The pleas had been widely expected as had the essence of his defence, that he was no monster but rather a frustrated, violent father who cared for his so-called second family. “The exceptional aspect of this case is that my client did not behave like a monster,” said Rupert Mayer, his defence lawyer. “The special point is that he chose his daughter for this role, that he created children together with her and looked after them . . . he bought them schoolbooks, celebrated Christmas and birthdays with them.” He appealed to the jury to be objective. “If you just want to have sex, you don’t have children,” Mr Mayer said. “As a monster, I’d kill all of them downstairs.”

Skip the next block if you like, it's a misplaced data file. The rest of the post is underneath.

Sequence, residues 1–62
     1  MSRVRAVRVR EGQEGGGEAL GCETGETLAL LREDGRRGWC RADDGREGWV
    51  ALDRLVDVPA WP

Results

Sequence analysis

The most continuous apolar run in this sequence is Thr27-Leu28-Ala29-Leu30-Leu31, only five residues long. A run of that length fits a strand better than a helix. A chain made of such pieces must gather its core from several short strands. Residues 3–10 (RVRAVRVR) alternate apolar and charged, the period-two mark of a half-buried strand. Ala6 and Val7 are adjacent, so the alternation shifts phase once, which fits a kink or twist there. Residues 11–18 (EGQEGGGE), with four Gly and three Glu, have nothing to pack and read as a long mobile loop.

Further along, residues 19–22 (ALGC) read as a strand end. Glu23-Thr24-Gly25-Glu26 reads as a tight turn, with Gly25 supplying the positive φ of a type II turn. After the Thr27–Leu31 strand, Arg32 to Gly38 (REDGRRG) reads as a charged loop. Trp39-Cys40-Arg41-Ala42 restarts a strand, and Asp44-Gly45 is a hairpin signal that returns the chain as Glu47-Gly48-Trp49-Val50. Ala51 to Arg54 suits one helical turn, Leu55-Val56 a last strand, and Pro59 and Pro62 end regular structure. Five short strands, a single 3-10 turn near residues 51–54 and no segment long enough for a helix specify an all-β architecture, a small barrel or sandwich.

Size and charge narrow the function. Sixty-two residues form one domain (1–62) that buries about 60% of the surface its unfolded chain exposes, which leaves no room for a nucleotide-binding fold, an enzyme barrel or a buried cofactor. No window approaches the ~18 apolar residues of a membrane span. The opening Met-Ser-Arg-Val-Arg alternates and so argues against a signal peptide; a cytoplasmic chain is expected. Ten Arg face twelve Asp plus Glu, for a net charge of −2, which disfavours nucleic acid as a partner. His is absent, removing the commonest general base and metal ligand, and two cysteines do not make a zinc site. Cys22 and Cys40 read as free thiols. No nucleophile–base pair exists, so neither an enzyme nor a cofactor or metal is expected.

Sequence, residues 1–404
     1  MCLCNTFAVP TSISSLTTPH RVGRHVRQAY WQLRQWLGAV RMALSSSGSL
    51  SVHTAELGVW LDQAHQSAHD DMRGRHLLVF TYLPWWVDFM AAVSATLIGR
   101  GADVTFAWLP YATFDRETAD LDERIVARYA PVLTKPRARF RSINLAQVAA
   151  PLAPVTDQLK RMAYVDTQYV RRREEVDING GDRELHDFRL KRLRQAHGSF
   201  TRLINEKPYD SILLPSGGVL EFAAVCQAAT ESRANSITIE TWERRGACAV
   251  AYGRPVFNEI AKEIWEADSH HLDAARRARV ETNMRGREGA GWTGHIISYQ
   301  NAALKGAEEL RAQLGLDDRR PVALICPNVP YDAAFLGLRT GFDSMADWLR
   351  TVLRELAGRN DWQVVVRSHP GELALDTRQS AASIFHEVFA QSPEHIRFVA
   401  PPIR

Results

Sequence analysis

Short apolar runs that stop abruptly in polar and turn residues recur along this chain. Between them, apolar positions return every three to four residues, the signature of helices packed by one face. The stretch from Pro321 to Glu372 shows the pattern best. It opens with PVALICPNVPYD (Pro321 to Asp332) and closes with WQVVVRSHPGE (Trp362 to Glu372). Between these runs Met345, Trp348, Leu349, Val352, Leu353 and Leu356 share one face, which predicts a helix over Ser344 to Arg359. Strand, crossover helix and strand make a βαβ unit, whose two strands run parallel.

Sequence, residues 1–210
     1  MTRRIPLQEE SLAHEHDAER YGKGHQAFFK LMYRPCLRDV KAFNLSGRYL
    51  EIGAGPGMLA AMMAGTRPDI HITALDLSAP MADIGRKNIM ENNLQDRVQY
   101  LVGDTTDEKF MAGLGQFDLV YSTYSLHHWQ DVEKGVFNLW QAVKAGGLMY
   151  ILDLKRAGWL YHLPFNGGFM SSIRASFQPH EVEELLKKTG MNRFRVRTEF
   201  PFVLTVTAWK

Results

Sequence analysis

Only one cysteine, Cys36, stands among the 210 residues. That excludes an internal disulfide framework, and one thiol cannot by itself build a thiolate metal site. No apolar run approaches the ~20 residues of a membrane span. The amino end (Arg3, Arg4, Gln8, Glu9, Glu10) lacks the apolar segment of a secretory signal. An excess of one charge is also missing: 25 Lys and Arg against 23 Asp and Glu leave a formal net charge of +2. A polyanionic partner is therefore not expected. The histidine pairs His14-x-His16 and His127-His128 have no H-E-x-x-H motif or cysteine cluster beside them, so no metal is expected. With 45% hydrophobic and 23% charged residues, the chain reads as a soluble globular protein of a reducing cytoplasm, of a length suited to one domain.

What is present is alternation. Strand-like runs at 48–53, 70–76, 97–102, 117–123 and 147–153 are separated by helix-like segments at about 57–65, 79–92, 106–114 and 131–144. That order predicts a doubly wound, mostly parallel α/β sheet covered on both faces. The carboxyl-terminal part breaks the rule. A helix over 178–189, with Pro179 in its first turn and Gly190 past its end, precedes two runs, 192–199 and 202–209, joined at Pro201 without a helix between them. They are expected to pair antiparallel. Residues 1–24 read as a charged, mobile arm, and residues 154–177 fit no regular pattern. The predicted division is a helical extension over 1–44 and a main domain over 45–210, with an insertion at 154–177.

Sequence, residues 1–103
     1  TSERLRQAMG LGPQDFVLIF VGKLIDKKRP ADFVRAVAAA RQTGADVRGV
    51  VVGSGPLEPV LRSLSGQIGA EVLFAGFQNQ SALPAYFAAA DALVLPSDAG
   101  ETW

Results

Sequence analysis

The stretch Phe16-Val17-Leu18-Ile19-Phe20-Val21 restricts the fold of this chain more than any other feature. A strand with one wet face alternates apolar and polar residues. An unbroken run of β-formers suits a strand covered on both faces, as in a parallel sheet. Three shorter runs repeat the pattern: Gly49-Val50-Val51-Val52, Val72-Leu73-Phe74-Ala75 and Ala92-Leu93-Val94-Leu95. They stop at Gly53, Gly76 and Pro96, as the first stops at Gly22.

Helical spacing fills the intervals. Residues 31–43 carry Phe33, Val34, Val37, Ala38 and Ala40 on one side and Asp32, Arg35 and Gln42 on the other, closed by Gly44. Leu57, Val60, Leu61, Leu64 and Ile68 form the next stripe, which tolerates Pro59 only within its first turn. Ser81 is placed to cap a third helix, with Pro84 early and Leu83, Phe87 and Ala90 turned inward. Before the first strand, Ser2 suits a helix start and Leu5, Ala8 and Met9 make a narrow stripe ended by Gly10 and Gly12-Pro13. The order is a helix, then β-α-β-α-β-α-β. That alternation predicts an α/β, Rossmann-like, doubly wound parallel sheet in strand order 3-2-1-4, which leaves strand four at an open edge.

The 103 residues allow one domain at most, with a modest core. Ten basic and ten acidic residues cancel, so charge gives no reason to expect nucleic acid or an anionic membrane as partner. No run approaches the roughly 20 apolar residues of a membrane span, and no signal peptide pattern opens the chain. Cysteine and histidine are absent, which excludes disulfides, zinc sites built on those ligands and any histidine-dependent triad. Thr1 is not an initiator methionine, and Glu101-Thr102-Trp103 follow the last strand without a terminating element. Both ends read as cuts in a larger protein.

For his part, Fritzl told the three judges and eight jurors that he, too, had suffered abuse as a child. “I had a very difficult childhood,” he said in a trembling voice. “My mother didn’t want me. She was 42 when she had me — she simply didn’t want a child and she treated me correspondingly. I was beaten.” At the age of 12, he said, he had made it clear to his mother that he would not tolerate being beaten any longer and would defend himself. “From that point on, I was Satan personified for her,” he said. She never showed him any affection and his father appeared only “rarely and sporadically”.

The defence team strategy is plain: if they can get their client off the hook on the murder charge (a possible 15-year jail term) and enslavement (up to 20 years), then the maximum time that Fritzl would have to serve would be for the rape charge.

Under Austrian law that is ten years’ imprisonment. With good behaviour and counting the year spent in pretrial arrest, Fritzl could hope to be free by the Christmas of 2016 — a triumph of sorts for Mr Mayer, who ranks as one of the most effective defence lawyers in the country.